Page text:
There is a one-hour test even that usually takes place toward the end of June to mimic what an emergency event would look like. You’re given three- to four-weeks’ notice in order to prepare for this test event. Most of our manufacturers do a scheduled maintenance day or maybe a lunch so they can curtail as much as possible during that one hour.

After that one-hour test event, a few months are used to evaluate the data of how much you actually curtailed during that one hour. Then, your payments are determined. For one client last week, we estimated that they can earn $50,000 annually by participating in the demand response program.

What’s after the test event?

Now that the test day is complete and you’re enrolled in the program, what’s next?

If a critical day is called, you will be asked to curtail as much energy as possible on that critical day. Critical day sounds a little scary, I know. But there are two positives to keep in mind in regards to a critical day.

  1. If you curtail as much as possible on that critical day, you get extra energy payments for whatever you curtailed that day.
  2. There has not been a critical day or a grid emergency called in over 12 years in our territory otherwise known as PJM. So, your chances are very good that the only curtailing you’ll be asked to do during this program is on that test day.

“There’s no way we can curtail.”

The number one comment I get from manufacturers all the time when it comes to this program is “Mike, there’s no way we can curtail.”

Would $50,000 of new revenue to your facility make an impact? I’m guessing it would.

Now when we say “curtail,” keep in mind that we don’t mean a complete shutdown of your facility. “Curtailing” could be adjusting the thermostat by a few degrees for that one-hour test event. It could be shutting down an air compressor, a chiller, a rooftop unit, maybe a manufacturing line just for that hour.

The point is, you can curtail as much or as little as you want. But keep in mind: your payments will reflect how much you curtailed during that one-hour test event.

The enrollment deadline is coming up soon!

In closing, demand response is an incredible program to generate revenue for your facility. If you’re interested in seeing an estimate of what payments might be for your facility, I’m happy to help! The enrollment period is coming up fast — it usually ends in late spring, but it could be earlier depending on how many megawatts are accounted for. In this program, there are a certain number of megawatt-hours available, and once those are claimed, enrollment is shut down until next year.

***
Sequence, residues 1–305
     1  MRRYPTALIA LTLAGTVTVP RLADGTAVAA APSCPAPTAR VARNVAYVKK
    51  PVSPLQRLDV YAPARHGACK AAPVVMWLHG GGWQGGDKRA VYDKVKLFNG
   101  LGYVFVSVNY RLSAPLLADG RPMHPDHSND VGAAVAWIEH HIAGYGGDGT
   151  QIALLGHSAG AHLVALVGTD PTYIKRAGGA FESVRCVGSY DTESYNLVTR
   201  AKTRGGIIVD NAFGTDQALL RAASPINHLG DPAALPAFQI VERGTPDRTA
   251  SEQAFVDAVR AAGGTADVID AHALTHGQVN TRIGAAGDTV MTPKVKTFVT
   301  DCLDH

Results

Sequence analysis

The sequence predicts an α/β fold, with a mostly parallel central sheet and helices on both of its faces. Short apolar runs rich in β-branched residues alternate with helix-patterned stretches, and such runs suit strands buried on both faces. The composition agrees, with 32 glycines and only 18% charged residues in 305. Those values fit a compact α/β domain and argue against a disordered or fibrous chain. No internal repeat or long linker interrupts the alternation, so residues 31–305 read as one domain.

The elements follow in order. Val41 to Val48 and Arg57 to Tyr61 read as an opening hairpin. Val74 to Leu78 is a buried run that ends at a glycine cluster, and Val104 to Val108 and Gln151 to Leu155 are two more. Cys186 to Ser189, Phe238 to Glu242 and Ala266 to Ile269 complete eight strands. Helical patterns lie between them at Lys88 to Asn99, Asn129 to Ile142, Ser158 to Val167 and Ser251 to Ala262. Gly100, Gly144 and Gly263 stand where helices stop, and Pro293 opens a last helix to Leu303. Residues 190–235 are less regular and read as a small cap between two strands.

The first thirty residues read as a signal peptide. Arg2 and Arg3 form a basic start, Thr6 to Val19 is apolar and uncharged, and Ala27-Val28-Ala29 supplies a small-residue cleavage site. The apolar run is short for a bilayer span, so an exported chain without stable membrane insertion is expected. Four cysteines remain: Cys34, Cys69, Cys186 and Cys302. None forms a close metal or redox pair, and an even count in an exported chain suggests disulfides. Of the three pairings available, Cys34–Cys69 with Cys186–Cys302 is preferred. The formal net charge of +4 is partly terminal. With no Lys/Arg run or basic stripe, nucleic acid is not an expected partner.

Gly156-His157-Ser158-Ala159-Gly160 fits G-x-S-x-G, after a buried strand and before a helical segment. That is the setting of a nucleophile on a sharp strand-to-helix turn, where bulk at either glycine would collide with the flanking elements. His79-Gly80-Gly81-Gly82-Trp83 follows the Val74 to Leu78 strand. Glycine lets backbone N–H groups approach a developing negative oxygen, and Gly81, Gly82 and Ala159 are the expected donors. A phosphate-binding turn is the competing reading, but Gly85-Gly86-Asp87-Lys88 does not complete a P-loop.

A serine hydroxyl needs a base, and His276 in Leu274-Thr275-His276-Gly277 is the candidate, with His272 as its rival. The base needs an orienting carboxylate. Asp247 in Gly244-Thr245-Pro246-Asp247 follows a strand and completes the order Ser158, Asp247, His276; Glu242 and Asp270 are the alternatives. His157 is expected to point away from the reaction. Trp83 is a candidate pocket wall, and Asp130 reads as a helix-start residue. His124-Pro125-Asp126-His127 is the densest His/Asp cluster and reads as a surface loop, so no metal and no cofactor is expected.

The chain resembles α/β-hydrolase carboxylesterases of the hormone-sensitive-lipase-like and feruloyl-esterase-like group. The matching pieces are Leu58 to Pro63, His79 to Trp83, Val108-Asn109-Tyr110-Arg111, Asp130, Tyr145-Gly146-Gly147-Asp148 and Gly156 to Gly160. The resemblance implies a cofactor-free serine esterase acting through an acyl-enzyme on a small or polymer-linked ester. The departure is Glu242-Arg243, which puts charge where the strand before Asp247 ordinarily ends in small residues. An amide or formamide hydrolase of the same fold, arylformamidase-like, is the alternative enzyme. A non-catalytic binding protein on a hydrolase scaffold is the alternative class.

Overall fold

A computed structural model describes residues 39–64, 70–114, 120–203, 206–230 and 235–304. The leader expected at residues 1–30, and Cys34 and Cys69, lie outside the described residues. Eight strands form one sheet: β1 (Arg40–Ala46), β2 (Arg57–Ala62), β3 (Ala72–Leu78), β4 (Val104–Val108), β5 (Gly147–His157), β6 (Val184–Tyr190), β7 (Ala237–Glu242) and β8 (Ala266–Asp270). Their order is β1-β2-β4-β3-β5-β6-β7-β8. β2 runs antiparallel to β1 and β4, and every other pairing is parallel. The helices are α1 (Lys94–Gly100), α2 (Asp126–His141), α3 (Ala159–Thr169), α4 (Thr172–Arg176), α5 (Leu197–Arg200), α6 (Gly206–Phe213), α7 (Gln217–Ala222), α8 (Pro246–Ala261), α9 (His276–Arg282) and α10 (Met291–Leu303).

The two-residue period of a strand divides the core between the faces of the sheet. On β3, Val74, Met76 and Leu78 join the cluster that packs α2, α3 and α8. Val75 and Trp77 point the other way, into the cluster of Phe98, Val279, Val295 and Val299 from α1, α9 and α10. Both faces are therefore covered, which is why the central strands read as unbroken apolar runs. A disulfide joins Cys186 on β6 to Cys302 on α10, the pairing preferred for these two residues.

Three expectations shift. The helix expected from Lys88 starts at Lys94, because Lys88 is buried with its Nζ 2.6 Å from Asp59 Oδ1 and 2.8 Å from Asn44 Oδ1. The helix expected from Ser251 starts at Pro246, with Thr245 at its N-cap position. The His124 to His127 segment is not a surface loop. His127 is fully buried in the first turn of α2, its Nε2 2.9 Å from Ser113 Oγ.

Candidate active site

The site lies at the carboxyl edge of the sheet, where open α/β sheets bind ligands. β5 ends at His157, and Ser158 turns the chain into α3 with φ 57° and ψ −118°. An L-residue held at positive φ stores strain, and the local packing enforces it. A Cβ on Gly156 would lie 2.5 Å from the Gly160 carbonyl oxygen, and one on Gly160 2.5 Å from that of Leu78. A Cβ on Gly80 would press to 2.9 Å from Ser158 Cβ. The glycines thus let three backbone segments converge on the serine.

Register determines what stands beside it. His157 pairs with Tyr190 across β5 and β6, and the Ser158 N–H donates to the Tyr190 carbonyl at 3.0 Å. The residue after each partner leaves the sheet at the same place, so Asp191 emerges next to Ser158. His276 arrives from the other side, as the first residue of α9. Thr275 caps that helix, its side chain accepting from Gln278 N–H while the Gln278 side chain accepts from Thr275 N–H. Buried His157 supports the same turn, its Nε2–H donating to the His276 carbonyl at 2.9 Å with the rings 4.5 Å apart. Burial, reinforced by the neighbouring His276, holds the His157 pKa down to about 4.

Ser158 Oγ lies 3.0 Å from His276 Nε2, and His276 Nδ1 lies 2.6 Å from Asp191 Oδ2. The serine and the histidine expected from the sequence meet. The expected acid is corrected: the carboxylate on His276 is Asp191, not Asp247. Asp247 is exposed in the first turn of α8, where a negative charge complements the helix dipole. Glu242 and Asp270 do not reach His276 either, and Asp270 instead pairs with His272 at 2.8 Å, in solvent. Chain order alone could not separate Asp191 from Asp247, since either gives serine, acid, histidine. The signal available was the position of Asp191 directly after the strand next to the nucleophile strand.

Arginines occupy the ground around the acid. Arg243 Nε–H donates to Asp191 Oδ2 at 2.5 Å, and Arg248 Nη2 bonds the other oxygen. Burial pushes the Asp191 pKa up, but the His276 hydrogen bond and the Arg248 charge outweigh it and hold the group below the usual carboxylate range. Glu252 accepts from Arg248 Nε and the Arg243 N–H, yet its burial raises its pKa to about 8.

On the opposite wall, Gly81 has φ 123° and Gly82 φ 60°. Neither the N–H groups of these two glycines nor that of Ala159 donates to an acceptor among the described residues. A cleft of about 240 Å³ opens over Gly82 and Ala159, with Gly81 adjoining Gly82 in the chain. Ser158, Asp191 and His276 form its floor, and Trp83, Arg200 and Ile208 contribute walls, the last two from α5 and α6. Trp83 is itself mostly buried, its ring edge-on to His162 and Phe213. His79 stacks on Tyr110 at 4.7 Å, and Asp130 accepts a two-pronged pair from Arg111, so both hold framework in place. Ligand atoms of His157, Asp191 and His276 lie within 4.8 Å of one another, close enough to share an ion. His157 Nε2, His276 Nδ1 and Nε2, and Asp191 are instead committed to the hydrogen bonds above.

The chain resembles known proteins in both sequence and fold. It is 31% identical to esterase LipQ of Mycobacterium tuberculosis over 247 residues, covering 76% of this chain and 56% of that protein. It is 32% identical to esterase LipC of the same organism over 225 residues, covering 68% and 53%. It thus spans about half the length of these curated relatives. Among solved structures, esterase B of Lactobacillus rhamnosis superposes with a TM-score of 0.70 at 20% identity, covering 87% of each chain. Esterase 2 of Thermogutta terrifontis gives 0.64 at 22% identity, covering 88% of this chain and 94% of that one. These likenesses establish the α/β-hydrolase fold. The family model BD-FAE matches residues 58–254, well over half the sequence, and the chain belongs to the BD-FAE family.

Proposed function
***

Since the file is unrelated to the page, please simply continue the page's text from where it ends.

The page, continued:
Thank you for watching! I hope you found today’s video valuable. Join me next week for our final video in the series on energy efficiency. Have a great evening!

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Energy Tips for the Hospitality Industry – TMT

February 16, 2021 – In this FAQ February video, Strategic Energy Advisor Sam Greenberg tackles a question he’s been asked frequently over the past year by our hospitality clients: “What are other companies doing to stay in business?”

Video Transcript

Over the past 12 months, one could argue that the industry most negatively impacted by the COVID-19 pandemic has been the hospitality industry. In this week’s Two-Minute Tuesday, we’ll be tackling the number one question we were asked by our hospitality clients during this past year: “What are other companies doing to stay in business?”

Two Energy Strategies for Hospitality Clients

2020 was painful for all businesses, but the hospitality industry was one of the hardest hit. Revenue plummeted due to both shutdowns and to lack of demand from people traveling.

Many of these businesses had to get creative to save money. Specific to energy, the two opportunities that ultimately provided the biggest return for our hospitality clients were demand response and electricity agreements.

Let’s take a deeper dive into how these two strategies supported our hospitality partners in 2020.